The independent resource on global security

3. Russia: separatism and conflicts in the North Caucasus



Full text (PDF)



The contemporary separatist movements are
one of the most dangerous threats to Russian national security
and territorial integrity. This is particularly the case in the
North Caucasus, where separatist forces often act under the guise
of ethnic or religious movements. Although the Russian federal
authorities attempt to fight separatism by political means, in
Dagestan and Chechnya they resorted to the use of force in 1999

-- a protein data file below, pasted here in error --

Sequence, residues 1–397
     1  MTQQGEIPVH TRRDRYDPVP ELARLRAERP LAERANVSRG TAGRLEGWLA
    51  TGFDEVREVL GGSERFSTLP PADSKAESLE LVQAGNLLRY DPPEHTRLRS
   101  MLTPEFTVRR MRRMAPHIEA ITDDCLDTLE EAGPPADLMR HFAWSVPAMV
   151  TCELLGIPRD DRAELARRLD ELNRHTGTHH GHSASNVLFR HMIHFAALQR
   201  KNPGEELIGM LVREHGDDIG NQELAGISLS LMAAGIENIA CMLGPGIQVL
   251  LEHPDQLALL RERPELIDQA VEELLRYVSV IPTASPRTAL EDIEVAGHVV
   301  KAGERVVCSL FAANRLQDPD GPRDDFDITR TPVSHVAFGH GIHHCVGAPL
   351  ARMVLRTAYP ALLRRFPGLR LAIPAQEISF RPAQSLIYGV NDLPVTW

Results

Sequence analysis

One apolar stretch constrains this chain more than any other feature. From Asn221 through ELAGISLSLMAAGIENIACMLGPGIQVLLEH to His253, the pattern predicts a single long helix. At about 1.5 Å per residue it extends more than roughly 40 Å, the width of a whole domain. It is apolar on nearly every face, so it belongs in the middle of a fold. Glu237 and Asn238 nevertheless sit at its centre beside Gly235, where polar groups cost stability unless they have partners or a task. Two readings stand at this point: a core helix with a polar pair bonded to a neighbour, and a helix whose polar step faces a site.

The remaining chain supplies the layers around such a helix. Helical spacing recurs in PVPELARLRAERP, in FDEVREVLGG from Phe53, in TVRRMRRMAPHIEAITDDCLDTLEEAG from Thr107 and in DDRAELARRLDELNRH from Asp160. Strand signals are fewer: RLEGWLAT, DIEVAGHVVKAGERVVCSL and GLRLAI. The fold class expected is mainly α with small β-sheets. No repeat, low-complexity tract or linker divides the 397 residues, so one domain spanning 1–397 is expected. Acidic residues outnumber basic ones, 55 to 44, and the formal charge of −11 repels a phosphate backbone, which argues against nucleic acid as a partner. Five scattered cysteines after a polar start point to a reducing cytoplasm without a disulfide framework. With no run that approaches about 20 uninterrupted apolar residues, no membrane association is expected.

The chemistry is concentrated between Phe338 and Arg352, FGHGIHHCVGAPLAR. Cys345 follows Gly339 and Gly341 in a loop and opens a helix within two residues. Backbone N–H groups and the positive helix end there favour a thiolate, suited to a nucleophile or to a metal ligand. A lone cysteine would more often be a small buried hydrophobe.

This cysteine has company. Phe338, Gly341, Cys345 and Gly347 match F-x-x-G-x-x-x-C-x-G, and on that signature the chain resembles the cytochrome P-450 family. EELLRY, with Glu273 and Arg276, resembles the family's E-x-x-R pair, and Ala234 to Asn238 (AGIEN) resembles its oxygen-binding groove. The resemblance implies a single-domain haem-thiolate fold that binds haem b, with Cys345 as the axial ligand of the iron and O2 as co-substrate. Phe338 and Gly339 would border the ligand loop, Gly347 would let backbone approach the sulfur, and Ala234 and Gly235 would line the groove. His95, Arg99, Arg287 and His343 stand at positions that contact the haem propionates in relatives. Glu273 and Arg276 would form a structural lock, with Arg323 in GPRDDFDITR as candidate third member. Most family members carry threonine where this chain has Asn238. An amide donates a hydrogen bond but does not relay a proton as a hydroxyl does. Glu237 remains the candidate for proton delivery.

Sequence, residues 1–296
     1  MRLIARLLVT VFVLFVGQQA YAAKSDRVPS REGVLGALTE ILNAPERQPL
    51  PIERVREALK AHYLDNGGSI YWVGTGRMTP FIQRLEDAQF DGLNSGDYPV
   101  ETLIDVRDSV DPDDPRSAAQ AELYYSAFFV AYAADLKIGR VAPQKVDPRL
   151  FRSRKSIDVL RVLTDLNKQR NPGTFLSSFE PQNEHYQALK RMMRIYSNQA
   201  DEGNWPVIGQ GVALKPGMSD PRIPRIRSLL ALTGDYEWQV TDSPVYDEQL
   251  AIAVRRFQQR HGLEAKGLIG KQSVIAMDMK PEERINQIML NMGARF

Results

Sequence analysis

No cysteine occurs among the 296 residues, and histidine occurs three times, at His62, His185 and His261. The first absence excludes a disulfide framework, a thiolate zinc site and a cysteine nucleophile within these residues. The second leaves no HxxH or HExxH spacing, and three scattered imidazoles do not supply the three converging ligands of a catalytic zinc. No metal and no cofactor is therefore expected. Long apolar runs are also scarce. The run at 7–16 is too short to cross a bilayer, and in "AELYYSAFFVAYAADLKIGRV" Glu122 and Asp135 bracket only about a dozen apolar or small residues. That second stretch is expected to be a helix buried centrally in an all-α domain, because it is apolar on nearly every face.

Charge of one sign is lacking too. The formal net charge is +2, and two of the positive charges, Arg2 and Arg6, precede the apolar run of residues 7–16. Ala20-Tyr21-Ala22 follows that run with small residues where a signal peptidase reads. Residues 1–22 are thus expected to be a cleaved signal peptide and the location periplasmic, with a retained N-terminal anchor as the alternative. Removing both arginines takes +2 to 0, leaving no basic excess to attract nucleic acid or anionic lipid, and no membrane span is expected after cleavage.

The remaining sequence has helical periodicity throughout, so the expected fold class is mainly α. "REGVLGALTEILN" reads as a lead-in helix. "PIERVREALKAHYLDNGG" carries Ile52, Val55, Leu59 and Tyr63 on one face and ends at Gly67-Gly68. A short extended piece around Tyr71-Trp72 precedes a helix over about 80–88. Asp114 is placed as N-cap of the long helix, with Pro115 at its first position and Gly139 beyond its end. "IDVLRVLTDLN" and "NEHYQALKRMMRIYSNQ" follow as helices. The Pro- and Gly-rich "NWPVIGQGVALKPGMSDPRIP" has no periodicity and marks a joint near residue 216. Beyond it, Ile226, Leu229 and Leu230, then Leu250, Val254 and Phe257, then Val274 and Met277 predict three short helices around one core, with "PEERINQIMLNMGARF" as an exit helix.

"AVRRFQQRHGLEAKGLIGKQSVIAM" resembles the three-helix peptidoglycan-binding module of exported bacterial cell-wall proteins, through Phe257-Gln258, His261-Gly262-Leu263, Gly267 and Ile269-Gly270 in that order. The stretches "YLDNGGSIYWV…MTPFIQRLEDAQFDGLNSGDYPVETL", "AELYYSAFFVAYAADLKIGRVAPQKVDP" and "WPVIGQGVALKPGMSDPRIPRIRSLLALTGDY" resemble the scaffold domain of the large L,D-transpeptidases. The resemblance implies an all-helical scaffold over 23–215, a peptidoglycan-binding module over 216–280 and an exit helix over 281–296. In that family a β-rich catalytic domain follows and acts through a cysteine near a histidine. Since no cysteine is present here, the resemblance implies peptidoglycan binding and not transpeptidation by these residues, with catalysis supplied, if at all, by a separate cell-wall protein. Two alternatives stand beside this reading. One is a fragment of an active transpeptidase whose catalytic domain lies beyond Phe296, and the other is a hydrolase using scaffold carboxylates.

in order to defeat the Chechen-led armed rebellion. By the end
of the year the federal forces had re-established their control
over most parts of Chechnya lost in the previous war, in 1994–96,
but they failed to achieve a decisive military victory over the
separatists. Nor was there any political resolution of the conflict.

As the conflict in Chechnya caused numerous casualties and a
massive refugee problem among its civilian population, the Russian
Government came under strong criticism from the West on humanitarian
grounds. These disagreements, although a major irritant in relations
between Russia and the West, are unlikely to affect the central
issues of their relationship, such as their interaction on global
security issues.